Wednesday, August 05, 2015

Climate change, algal blooms, poison crabs

Toxic algae blooming in warm water from California to Alaska

This coastal ribbon of microscopic algae, up to 40 miles wide and 650 feet deep in places,
is flourishing amid unusually warm Pacific Ocean temperatures. It now stretches from at least California to Alaska and has shut down lucrative fisheries. Shellfish managers on Tuesday doubled the area off Washington's coast that is closed to Dungeness crab fishing, after
finding elevated levels of marine toxins in tested crab meat.

So-called "red tides" are cyclical and have happened many times before, but ocean researchers say this one is much larger and persisting much longer, with higher levels of neurotoxins bringing severe consequences for the Pacific seafood industry, coastal tourism and marine ecosystems.

Dan Ayres, coastal shellfish manager for the Washington Department of  Fish and Wildlife, said the area now closed to crab fishing includes more than half the state's 157-mile-long coast, and likely will bring a premature end to this year's crab season.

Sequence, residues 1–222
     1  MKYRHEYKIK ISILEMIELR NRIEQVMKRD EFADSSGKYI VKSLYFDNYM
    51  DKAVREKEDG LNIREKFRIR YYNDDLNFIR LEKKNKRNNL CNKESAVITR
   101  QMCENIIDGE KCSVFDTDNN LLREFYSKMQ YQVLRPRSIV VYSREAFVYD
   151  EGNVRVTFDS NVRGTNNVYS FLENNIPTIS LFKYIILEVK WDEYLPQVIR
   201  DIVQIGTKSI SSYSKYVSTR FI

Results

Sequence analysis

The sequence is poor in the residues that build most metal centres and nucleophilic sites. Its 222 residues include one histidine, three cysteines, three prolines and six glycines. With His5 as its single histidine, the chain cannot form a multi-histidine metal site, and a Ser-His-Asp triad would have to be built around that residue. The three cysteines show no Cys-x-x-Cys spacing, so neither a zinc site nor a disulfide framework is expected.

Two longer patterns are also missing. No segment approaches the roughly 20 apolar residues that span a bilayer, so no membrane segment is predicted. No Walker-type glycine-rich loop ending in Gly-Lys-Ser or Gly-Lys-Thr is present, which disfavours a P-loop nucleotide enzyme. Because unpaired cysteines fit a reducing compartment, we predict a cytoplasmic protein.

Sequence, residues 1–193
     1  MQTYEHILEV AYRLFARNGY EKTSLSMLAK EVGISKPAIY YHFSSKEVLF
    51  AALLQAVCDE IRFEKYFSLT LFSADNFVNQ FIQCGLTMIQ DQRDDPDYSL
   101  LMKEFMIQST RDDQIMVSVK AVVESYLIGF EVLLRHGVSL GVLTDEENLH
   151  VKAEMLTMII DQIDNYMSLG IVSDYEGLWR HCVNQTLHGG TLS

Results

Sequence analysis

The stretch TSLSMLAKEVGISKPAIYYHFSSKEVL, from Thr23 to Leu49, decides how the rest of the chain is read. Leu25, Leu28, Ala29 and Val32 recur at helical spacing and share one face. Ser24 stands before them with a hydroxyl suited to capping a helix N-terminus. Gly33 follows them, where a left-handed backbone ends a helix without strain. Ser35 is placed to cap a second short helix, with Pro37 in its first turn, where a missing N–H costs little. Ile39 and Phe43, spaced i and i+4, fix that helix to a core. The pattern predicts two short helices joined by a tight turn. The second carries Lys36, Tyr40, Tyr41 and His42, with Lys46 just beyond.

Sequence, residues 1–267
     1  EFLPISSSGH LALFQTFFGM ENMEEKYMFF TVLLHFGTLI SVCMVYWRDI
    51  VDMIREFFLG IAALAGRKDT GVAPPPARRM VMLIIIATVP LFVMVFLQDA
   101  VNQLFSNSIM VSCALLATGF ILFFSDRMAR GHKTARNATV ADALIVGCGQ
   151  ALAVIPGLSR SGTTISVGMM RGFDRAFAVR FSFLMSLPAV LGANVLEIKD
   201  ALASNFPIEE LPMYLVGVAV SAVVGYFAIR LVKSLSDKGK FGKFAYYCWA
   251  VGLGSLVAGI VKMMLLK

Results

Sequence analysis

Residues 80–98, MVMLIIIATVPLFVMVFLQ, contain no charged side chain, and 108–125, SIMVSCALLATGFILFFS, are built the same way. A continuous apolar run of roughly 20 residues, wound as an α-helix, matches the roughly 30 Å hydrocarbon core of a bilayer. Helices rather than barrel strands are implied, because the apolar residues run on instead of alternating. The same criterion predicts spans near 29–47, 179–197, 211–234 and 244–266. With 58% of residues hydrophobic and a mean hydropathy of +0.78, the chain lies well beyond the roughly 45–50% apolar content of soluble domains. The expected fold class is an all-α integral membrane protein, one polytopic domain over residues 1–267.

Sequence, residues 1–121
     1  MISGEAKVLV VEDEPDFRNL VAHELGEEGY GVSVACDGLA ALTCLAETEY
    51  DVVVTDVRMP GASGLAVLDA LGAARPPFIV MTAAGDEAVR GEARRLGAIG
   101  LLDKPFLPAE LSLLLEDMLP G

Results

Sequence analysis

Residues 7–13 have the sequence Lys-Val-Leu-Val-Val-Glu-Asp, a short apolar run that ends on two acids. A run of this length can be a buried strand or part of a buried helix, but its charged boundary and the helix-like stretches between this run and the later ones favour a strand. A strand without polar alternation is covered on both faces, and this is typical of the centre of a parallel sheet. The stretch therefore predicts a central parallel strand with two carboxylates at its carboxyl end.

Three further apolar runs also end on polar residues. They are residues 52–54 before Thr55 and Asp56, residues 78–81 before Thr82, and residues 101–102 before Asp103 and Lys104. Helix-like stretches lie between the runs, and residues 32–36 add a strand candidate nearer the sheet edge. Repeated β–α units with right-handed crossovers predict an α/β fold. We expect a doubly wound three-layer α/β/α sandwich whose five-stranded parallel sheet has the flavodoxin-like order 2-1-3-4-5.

"We think it's just sitting and lingering out there," said Anthony Odell, a University of Washington research analyst who is part of a NOAA-led team surveying the harmful algae bloom, which was first detected in May. "It's farther offshore, but it's still there."

The survey data should provide a clearer picture of what is causing the bloom which is brownish in color, unlike the blue and green algae found in polluted freshwater lakes. Marine detectives already have a suspect: a large patch of water running as much as 3 degrees centigrade warmer than normal in the northeast Pacific Ocean, nicknamed "the blob."

"The question on everyone's mind is whether this is related to global climate change. The simple answer is that it could be, but at this point it's hard to separate the variations in these cycles," said Donald Boesch, professor of marine science at the University of Maryland who
is not involved in the survey. "Maybe the cycles are more extreme in the changing climate."
Come on.  It's hard to imagine how warming ocean waters won't lead to more extensive and longer lasting poison algal blooms.

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